X Games Extraordinaire

by • March 11, 2013 • Briefs & UpdatesComments (0)332

Alaska’s Cory Davis rises, literally, to snowmachine’s top echelon

For many Alaskans, the snowmachine is meant for pleasure, travel or survival. But for Cory Davis, it’s meant for one thing: taking it to another level.

Cory Davis performs the back flip that he perfected after just two weeks of practice during ESPN's Winter X Games in January. By Brett Moist

Cory Davis performs the back flip that he perfected after just two weeks of practice during ESPN’s Winter X Games in January. By Brett Moist

Last January, this savvy rider from Soldotna took his skills to ESPN’s Winter X Games in Aspen, Colo., to compete against some of the nation’s best for the ninth time in his career.

“I’ve been to X every year since I was 16 years old,” said Davis, 24.

Perhaps none of the previous Games were as busy, or as successful, as this year’s.

“It’s a little party town,” Davis said about the place nestled high in the Rocky Mountains and at the base of Buttermilk Mountain. “But with how much I was competing I wasn’t able to enjoy any of that stuff. I was at the track all day.”

Davis kept himself occupied while competing in a career-high four events: freestyle, speed and style, snocross and best trick. His best finish came in the speed and style, where he captured a career-best silver medal after falling to Levi LaVallee in the gold-medal match.

“Obviously I wanted to win, but I was satisfied with the silver,” said Davis, who now has three X Games medals to his name. He took bronze in the 2009 and 2011 speed and style. “I haven’t had a gold in that event, so I really wanted to do better than in years past.”

As a teenager, Davis cut his teeth racing in the X Games using more speed than style. He entered as the X Games’ youngest competitor ever in the snocross, an event in which riders specialize in banking corners, soaring off steep jumps and cranking the throttle.

Nowadays, speed is still important for guys like Davis but certainly not everything. Style points matter — it’s those high-flying stunts that make the X Games one of ESPN’s most exciting events to watch. Therefore, it’s important for riders to keep up with what’s hot.

Case in point: In all his years of riding the backcountry of Alaska, Davis had never learned how to do a backflip on a sled. So two weeks before X Games started, he decided it was time to learn. He rounded up two of his best snowmachining buddies, Joe Parsons and Heath Frisby, and they showed him the ropes.

“It was nice to finally do it,” Davis said.

Most riders would need more than one try to land it, right? Not Davis.

“I wouldn’t be talking to you if I hadn’t (landed it) the first time,” he said.

During a timed competition in this year’s X Games, one of Davis’

competitors wasn’t so lucky. Caleb Moore, a 25-year-old from Krum, Texas, made news when he under-rotated a backflip and was thrown from his sled during the freestyle final.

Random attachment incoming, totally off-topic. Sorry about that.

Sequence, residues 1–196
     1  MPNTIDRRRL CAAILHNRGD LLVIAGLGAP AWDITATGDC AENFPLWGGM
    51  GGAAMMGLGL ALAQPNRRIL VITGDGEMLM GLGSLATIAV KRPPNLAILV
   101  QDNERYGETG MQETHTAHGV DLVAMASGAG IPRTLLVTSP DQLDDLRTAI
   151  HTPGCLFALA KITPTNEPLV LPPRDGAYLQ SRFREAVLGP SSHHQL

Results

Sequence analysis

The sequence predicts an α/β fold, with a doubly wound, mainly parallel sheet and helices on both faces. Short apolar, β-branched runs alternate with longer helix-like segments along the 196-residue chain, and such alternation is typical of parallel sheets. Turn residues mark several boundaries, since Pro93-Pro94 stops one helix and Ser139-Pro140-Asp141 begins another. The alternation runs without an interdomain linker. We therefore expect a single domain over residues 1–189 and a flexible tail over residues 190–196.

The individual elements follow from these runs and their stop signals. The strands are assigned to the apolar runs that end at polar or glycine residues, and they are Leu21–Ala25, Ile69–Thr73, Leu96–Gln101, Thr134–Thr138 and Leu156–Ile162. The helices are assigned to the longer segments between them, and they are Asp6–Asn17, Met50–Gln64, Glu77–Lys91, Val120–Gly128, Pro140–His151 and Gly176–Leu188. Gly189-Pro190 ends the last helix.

Cory Davis reaches speed during his Winter X Games races in Aspen, Colo. The silver-medal winning Alaskan snowmachiner said his plans once he gets home includes filming some of his snowmachine tricks. By Stephen Clark

Cory Davis reaches speed during his Winter X Games races in Aspen, Colo. The silver-medal winning Alaskan snowmachiner said his plans once he gets home includes filming some of his snowmachine tricks. By Stephen Clark

As Moore tumbled down the landing, the 450-pound snowmachine hit him and knocked him unconscious. He eventually walked away from the crash, and spectators assumed he would be OK. According to reports, he was taken to an area hospital where doctors discovered complications with his heart and brain. To make matters worse, his younger brother Colten followed his brother down the freestyle course, crashed on the same jump and separated his pelvis.

With the Moore family reeling from both racers’ injuries, things went from bad to worse. Caleb Moore’s condition worsened, and he died a week later.

“It’s scary,” Davis said about doing backflips. “Definitely a high-risk thing.”

Risk or no risk, Davis has the desire to reach new heights in his riding repertoire.

“The plan is to keep progressing and learn new stuff,” he said.

Aside from the backflip, Davis said he owes much of his skills to his father, Scott Davis, a seven-time Iron Dog champion.

“I wouldn’t be racing without him,” Davis said of his dad, who is teamed up with Todd Palin to race in this year’s Iron Dog.

Back in 2010 the father and son duo raced to a third-place finish in the 2,000-mile race across the Alaska wilderness. Davis said he still rides cross-country with his dad, who made the trip to Aspen along with other family members.

“Usually they don’t (come),” Davis said. “But it all worked out this year.”

Davis gave his family a show, pulling off an upset in the speed and style semifinal after beating Parsons, the defending champion. Next up was Levi LaVallee, who had already won a gold medal earlier in the week. Davis knew gold wouldn’t come on a platter.

“I’m not going to have all those flip tricks like those guys have who’ve been flipping for years,” he said. “I was under tricked, so my only chance of beating him was gonna be if he made a mistake or if I was able to get out in front of him and put some time on him.”

Davis said he realized about halfway through the three-lap race that neither was going to happen, but it didn’t matter.

“At that point I was just happy,” Davis said. “I knew the worst I could get was silver.”

 

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